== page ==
Begin training on a good day, when everything feels under control. Think of what members of your family naturally like to do or talents they might have. The agenda is to familiarise your future team members on the needs of your loved one. Remember, every caring task by itself is perfectly doable. But taken together and over time, caregivers become overwhelmed trying to do everything alone. Pick one task you think a friend or relative might be able to do. Ask that person to do that task once a week for a month with a promise to re-evaluate on both sides after the trial period. Some caregivers might not have the words to make that first request. Try saying, “I know you love cooking and we always love all the treats you prepare. I don’t have time to cook a healthy meal every night, so I wondered if you would like to make us a meal once a week for a trial period of month or so? You could pick a day of the week that works for you and we can check in after a month to see if that day works for us all. What do you think?”
The reality is that most people want to help, but they don’t know how. And they see the danger of becoming overwhelmed. That’s why it’s important to choose small tasks that people can absorb into their lives and feel good about helping in a way that exploits their talents without feeling out of control. Once family and friends have some experience in helping that feels good, they will be much more likely to help out in an emergency. They’ll be your teammates in caregiving.
If you want something you have never had, you must be willing to do something you have never done
Fact: Caregivers need help.
Fact: Many caregivers have trouble asking for help.
Fact: When friends and family say, “Let me know if there’s anything I can do”, caregivers stifle the urge to scream.
There are so many things wrong with this ‘offer of help’. First, it’s a lazy response to a real need – it’s an easy ‘out’. A person who truly wants to be helpful should try to imagine your situation and offer some possible actions that will lighten your load; actions that a friend will actually carry out within days. Secondly this ‘offer of help’ puts the onus of asking on the caregiver which feels like a veiled way of discouraging a caregiver from actually putting in a request.
As a caregiver community, we need to have a ready response to this ubiquitous saying.
An Experiment: Think of three things that someone could do that would be really helpful. These might include walking the dog, delivering a prepared meal or staying with your loved one for a couple of hours once a week.
The next time anyone says, “Let me know if there’s anything I can do”, have your answer ready. Say, “thank you for asking, yes! Would you…?” and just pick one task from your list of three. At first, tasks should be one-time, simple jobs that are easy to complete. Once people get in the habit of helping and they know your daily reality a little better, they might expand the range of their helpful actions. Remember to put a time frame on your request – pin down a commitment. Offering heartfelt gratitude when someone does follow through is a good way to keep them coming back. Everyone likes to know that their helpful act has made a positive difference.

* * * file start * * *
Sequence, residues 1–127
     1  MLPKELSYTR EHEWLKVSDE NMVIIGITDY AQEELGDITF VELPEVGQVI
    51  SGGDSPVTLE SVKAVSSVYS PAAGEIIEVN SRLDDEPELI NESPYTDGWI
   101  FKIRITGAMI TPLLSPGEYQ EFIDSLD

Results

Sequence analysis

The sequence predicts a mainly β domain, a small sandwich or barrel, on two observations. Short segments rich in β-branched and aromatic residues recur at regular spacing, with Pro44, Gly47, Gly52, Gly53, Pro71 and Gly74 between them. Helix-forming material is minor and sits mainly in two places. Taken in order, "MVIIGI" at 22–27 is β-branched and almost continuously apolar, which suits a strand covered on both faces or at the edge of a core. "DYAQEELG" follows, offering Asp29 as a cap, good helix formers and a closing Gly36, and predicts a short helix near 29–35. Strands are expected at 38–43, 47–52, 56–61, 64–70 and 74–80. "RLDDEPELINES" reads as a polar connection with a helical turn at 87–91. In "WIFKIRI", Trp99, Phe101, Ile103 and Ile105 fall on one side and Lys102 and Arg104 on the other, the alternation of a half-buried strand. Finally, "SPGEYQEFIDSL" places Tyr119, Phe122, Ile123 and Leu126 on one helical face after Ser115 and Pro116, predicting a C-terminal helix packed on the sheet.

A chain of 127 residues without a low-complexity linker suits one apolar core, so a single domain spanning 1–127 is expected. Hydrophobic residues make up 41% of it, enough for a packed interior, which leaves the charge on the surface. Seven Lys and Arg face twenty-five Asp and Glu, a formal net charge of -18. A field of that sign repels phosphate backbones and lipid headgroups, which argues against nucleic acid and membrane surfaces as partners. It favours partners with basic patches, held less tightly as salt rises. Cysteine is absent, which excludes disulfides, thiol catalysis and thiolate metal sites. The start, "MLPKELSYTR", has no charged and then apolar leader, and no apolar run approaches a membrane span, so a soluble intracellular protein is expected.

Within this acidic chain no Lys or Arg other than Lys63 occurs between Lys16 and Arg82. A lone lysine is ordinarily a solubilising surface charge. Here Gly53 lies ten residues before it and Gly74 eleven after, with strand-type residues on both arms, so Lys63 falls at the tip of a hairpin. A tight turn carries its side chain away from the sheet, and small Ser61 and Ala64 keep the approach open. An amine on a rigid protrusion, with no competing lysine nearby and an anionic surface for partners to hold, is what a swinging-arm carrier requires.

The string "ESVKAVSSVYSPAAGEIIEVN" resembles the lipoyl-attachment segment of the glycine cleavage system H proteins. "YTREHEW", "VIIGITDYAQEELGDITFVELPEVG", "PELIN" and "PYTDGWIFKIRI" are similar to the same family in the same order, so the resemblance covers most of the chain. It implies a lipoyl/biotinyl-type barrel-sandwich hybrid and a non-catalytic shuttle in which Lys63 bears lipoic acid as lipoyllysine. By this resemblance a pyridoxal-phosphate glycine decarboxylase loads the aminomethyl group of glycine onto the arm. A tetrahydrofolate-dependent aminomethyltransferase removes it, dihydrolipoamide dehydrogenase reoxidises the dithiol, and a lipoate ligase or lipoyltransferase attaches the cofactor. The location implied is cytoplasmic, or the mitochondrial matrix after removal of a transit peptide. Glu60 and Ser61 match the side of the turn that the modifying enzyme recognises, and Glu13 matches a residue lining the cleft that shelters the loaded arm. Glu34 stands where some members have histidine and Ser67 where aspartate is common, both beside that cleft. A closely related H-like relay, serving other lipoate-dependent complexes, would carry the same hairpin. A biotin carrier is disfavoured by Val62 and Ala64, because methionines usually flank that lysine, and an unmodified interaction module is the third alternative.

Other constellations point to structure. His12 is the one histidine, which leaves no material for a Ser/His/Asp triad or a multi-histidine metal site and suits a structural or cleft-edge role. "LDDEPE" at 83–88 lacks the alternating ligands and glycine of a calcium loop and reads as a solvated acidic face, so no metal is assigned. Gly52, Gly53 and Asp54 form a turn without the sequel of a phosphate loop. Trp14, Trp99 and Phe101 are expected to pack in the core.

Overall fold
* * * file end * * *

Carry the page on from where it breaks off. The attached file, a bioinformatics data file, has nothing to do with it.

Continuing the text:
This video got me thinking about how I have lied to my loved ones. I lied to Nicholas when I said it would be alright after his hip surgery (the truth is, I had no idea… and in the end, it wasn’t alright). I lied to Nick and to my Mom when I said “honestly, it’s no trouble at all!” (and I will continue telling this lie until I can no longer be of help). I lied often when I said “I’m fine!”
But I tell the truth, too. If a procedure is going to hurt, I always tell Nick. If I’m worried, I tell my loved ones. And if I think we should go to the hospital or call the doctor, I tell them – I tell my family the plans I believe we should make for their care.
Let me tell you about a perfect caregiver I know. Her name is Glenna and she looks after my Mom for a couple of hours on Wednesdays and Saturdays. Mom’s home care agencies are littered with support workers she’s thrown out – my mother resents needing help and quite often, she takes it out on her unsuspecting caregivers, especially if they are patronising. But Glenna is different. She’s quiet, but smart. Sensitive, but direct. Respectful, but not fawning. When Glenna is home, you wouldn’t know it, except that the laundry is done, the kitchen is tidy, there is a sandwich and fruit plate prepared in the fridge and Mom is dressed with her hair styled.
Eva Kittay, the philosopher and disability Mom, describes the perfect caregiver as a ‘transparent self’:
A transparent self does not allow its own needs or vision of the good to cloud its perception of another’s needs, and so offers no resistance to its response to another (except, of course, when such a response would be in direct violation of a well considered and deeply held moral belief or conception of the good). The perception of and response to another’s needs are neither blocked by nor refracted through our own needs and desires. A transparent self attempts to intuit and respond to the other’s own sense or understanding of their own good, and does so for the other’s own sake. (2007, 53)
Glenna is transparent when she gives care. For example, a couple of days ago, I visited Mom and when I arrived, Glenna was there along with my sister Karen. We all converged on Mom because we knew that she didn’t feel well and might have pneumonia. I watched as Glenna knelt at Mom’s chair-side and asked quietly, ‘would you like a dressing gown? It’s a bit chilly in here.” She didn’t ask about putting a glass of ice water on the table, she just did it. Glenna would never, ever ‘show off’ her caregiving skills or her friendship with Mom to us, the daughters. She knelt beside Mom to establish eye contact and be heard without disturbing conversation in the room (Mom is slightly hard of hearing). Glenna never draws attention to Mom’s frailty or needs – her assistance makes Mom seem more able and less dependent than she is.
Glenna is a perfect caregiver and we are very, very grateful to have her in Mom’s life. But as I say in my book, The Four Walls of My Freedom, “The extent to which a carer has to become ‘transparent’ in order to provide good care, acutely listening and watching for signs of need or distress, cannot and should not be sustained without reward and rest.” Transparent caregivers are perfect caregivers, but they are fragile. We all need to support the integrity, strength and health of the perfect caregivers in our lives – our own future wellbeing as care receivers depends on it.